Sodium Battery

Overview of High Temperature Sodium Sulphur and Sodium Nickel Chloride Batteries

There is a growing interest in low-cost electrical energy storage systems for grid storage applications. The possible shortage of lithium is promoting a renewed interest in sodium-based batteries for large format batteries. The molten sodium battery systems – sodium sulphur and sodium nickel chloride – are mature enough for adoption on a large scale of hundreds of megawatt-hours (MWh). These technologies are already in use for integration into renewable, back-up power and other grid services to provide power during times of high demand. The increase in grid storage capacity is forecast to exceed 1TW by 2030. (1)
As the technology develops further it is expected that the use of molten sodium batteries along with sodium-ion batteries will become more widespread and become an important part of the energy storage mix. (2,3)
The overall cell reaction is:
NiCl2(s) + 2Na (l) ↔2 NaCl + Ni(s) Ecell ~ 2.58 V at 300 °C
In contrast to the NaS system the cathode does not stay fully liquid, and the cycling may result in nickel chloride coated nickel particles. The battery is maintained at 300C to ensure sufficient sodium ion conductivity through the BASE separator.
NaS batteries deployed in commercial systems have an energy density of up to 400Wh/l and a cycle life of up to 4,500 with an operational lifetime of 15+ years. The performance of Na-NiCl2 batteries is up to 190Wh/l with again 4,500 cycles and an operational lifetime of up to 20 years. An important part of these cell systems is the BASE separator. β’’-alumina has long been recognised as the most suitable sodium-ion conductor separator for high temperature molten sodium batteries.
The β’’-alumina is required to operate at these elevated temperatures for several decades and must retain structural and electrochemical performance over this time. β’’-alumina is not a pure Al2O3 phase such as the α or γ, but a sodium oxide doped alumina material.
Sodium beta-alumina compounds are commonly recognized as the having the formula Na2O.nAl2O3, in which n is typically between 5 and 11. These compounds deliver high sodium mobility along the conductive planes within the layered structure. Li2O and MgO are often added to aid the formation of the correct layered structure to ensure high sodium conductivity. Oxide impurities, such as calcium, silica and potassium, have been shown to be detrimental to the performance of the BASE by several mechanisms such as grain growth and the formation of non-conducting phases at the grain boundaries.(8-10) Reducing the sodium-ion conductivity of the separator has a direct negative effect on cell performance by increasing the overpotential which reduces the cell potential and increases the capacity decline with cycling.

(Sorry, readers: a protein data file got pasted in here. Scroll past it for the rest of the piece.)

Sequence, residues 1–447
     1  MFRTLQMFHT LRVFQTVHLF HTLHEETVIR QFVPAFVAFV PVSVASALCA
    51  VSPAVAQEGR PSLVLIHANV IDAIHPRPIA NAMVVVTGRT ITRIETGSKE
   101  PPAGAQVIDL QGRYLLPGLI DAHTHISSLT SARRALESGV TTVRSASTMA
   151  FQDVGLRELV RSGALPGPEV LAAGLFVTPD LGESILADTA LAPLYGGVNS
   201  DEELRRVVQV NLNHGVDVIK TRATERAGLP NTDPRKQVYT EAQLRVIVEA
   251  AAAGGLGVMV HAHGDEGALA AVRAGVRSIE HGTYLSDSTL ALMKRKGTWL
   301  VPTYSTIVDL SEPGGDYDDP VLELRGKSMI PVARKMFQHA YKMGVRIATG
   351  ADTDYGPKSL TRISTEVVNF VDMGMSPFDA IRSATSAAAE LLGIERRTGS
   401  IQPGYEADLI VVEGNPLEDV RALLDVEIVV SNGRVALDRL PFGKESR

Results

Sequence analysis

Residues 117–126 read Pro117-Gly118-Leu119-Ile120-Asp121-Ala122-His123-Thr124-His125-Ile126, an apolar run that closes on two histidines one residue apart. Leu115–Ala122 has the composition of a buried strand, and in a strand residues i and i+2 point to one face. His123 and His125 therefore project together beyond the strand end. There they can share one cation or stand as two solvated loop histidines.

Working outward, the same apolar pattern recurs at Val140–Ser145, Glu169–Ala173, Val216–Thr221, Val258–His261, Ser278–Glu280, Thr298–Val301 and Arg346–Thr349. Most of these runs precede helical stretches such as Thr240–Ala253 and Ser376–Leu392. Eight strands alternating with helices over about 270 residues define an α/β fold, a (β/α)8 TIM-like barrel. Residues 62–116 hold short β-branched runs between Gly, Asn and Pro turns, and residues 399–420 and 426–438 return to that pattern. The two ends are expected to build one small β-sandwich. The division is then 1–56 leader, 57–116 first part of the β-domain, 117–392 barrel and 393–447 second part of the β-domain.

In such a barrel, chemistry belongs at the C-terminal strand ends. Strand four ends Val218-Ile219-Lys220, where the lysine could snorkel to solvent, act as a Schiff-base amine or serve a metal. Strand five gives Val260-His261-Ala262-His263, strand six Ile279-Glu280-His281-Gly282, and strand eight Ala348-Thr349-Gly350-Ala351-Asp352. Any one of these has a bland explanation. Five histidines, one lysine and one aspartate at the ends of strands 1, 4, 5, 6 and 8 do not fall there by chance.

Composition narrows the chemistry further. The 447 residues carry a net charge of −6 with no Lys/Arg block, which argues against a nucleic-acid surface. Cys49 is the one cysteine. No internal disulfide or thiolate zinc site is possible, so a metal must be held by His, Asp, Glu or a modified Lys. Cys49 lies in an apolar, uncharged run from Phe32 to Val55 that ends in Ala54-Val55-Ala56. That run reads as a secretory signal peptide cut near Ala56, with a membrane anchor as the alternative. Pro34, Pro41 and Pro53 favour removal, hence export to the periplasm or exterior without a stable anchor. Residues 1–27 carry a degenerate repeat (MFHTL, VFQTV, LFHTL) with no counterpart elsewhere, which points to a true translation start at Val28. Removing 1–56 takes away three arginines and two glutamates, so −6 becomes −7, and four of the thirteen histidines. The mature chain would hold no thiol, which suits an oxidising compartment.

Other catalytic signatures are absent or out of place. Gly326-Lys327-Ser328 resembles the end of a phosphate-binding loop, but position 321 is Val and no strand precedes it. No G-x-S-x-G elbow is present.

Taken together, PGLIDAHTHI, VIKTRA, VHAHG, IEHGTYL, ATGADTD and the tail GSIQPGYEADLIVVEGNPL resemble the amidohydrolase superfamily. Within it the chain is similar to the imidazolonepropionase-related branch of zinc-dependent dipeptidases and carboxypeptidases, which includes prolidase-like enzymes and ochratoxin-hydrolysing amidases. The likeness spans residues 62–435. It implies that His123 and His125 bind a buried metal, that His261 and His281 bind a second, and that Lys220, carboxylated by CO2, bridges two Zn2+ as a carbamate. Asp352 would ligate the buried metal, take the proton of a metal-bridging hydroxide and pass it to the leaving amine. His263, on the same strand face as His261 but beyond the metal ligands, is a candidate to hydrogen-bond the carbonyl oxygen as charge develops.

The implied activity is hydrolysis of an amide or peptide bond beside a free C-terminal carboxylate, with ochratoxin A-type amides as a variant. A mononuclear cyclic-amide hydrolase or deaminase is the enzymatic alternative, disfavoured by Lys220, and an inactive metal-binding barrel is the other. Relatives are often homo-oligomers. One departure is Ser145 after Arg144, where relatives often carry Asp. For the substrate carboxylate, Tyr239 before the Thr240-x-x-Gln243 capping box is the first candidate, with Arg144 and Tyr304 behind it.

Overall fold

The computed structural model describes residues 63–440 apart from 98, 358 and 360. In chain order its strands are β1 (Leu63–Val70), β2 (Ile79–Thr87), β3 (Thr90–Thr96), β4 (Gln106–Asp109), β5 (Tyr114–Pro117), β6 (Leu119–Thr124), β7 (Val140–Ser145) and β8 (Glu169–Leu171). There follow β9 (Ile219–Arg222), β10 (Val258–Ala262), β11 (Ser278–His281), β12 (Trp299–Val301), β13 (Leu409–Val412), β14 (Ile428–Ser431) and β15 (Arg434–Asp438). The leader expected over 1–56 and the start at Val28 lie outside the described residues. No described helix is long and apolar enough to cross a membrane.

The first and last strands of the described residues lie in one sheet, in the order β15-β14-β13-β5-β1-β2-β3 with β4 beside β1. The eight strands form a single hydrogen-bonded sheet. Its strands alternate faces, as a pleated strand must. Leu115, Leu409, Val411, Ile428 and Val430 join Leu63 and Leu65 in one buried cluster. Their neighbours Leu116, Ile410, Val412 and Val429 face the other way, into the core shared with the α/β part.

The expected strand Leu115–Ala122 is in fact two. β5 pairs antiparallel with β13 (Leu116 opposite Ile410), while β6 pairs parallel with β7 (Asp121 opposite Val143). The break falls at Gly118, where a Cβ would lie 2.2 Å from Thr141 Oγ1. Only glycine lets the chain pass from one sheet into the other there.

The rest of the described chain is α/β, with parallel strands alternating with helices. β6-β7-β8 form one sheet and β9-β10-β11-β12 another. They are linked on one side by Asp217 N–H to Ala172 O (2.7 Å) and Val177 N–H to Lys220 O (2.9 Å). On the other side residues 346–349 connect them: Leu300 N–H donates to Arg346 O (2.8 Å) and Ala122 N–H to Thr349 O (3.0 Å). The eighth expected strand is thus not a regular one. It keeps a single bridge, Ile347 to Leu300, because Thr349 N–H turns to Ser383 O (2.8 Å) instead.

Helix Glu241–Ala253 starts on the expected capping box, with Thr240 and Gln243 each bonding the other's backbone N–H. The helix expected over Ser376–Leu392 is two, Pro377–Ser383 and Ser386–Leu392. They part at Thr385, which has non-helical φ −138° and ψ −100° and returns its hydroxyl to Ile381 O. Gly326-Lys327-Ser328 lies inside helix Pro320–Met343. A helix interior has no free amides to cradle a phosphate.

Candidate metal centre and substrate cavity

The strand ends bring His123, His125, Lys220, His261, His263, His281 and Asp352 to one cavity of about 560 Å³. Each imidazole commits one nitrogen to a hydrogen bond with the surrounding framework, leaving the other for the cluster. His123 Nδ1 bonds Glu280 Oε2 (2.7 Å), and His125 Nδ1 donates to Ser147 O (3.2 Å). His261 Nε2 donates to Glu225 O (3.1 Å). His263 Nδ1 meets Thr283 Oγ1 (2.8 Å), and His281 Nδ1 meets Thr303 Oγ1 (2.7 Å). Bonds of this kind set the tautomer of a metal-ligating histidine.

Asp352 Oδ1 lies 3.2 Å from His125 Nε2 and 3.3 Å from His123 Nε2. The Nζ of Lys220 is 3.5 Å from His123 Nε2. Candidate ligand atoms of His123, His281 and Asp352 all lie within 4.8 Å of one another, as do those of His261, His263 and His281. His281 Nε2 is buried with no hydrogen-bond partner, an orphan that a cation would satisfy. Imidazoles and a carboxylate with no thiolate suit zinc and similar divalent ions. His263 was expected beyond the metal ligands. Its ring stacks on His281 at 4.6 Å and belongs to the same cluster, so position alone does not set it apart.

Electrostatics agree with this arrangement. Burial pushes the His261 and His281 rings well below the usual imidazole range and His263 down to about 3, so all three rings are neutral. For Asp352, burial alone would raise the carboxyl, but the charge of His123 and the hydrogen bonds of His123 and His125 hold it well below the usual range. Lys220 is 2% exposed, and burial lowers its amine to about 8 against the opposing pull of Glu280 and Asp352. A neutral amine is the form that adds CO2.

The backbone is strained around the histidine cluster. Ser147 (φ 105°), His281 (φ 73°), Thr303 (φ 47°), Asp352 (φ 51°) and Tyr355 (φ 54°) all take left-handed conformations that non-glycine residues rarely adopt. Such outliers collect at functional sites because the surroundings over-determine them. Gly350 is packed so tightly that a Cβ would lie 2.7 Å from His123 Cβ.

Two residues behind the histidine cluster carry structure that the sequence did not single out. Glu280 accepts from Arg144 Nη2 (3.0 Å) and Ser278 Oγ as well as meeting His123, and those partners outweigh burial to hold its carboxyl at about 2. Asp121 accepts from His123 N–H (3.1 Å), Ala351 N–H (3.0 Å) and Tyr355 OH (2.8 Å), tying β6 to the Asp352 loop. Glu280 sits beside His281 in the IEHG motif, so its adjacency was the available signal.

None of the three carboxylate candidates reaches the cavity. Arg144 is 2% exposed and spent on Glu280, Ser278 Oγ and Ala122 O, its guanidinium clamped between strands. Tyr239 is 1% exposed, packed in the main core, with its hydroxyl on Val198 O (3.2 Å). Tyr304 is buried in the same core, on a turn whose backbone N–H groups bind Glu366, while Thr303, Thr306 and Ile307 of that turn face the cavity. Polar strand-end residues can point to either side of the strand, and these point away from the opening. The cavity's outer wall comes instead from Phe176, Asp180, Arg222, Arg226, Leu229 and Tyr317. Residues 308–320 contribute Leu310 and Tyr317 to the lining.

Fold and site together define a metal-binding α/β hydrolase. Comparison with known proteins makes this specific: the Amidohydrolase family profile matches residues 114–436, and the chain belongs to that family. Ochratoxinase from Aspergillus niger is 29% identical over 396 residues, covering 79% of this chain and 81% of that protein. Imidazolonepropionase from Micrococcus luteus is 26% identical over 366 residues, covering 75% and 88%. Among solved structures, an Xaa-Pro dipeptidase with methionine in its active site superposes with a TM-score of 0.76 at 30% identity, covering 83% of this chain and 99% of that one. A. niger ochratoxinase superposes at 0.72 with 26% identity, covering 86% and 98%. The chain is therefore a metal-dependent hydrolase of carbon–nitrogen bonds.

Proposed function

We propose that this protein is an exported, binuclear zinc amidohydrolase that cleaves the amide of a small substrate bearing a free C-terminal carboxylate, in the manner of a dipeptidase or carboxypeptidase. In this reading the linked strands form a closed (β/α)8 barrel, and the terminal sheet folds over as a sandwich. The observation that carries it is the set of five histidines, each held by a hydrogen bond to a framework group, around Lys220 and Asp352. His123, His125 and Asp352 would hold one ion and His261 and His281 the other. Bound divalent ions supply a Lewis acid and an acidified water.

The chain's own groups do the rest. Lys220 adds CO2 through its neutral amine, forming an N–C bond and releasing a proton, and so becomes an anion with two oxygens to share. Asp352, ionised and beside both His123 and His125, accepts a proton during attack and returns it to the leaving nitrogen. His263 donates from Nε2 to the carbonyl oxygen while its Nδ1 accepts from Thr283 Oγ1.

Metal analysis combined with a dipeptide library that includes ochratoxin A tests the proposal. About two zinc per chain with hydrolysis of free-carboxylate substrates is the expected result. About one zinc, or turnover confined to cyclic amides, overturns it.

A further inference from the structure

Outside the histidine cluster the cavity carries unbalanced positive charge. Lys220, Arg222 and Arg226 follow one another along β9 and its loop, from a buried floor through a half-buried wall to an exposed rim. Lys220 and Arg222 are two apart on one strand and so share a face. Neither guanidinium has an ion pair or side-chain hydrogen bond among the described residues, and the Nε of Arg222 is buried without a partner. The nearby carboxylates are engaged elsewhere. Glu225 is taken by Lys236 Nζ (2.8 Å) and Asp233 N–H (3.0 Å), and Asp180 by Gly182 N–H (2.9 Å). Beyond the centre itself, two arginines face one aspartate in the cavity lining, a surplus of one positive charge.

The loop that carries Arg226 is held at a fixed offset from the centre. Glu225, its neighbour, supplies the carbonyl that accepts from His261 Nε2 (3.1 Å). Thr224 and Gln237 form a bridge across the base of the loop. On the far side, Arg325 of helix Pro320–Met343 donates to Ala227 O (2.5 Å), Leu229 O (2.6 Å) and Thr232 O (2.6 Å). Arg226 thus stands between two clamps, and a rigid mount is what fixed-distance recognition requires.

The BASE material can be simply made via a solidstate reaction between powdered α-alumina and sodium oxide at around 1600˚C. Purity of the starting materials is particularly important to ensure that only advantageous compounds are included in the final BASE. AEM 4N α-alumina which has low levels of all metal oxides is an ideal starting material for the manufacture of BASE with the required sodium-ion conductivity and durability for long term cycling and battery life.


3. ED Spoerke, MM Gross, LJ Small, SJ
Percival – US DOE Energy Storage
Handbook, 2021
4. Sodium Sulfur batteries, Chap 32 Ronald A
Rizzo, Warren L. Towle and Marjorie L.
McClanathan, Handbook of Batteries &
Fuel Cells, ed D Linden, McGraw-Hill 1984
5. L Sudworth, Chap 6, Electrochemical
Power Sources, Ed M Barak, The
Institution of Electrical Engineers, London,
6. Handbook of Clean Energy Systems 2015,
John Wiley & Sons Ltd,
Karina Beatriz Hueso, Veronica
Palomares, Gurpreet Singh, Michel
Armand and Teofilo Rojo
7. Guosheng Li , Xiaochuan Lu , Jin Y. Kim,
Kerry D. Meinhardt, Hee Jung Chang,
Nathan L. Canfield & Vincent L. Sprenkle
8. Itaru Yasui and R. H. Doremus 1978
Electrochem. Soc. 125 1007
9. De Jonghe, L. C. Substructure and
properties of sodium beta alumina solid
electrolytes. Final report. United States: N.
p., 1979. Web. doi:10.2172/6265584.
10. EP00110712A2

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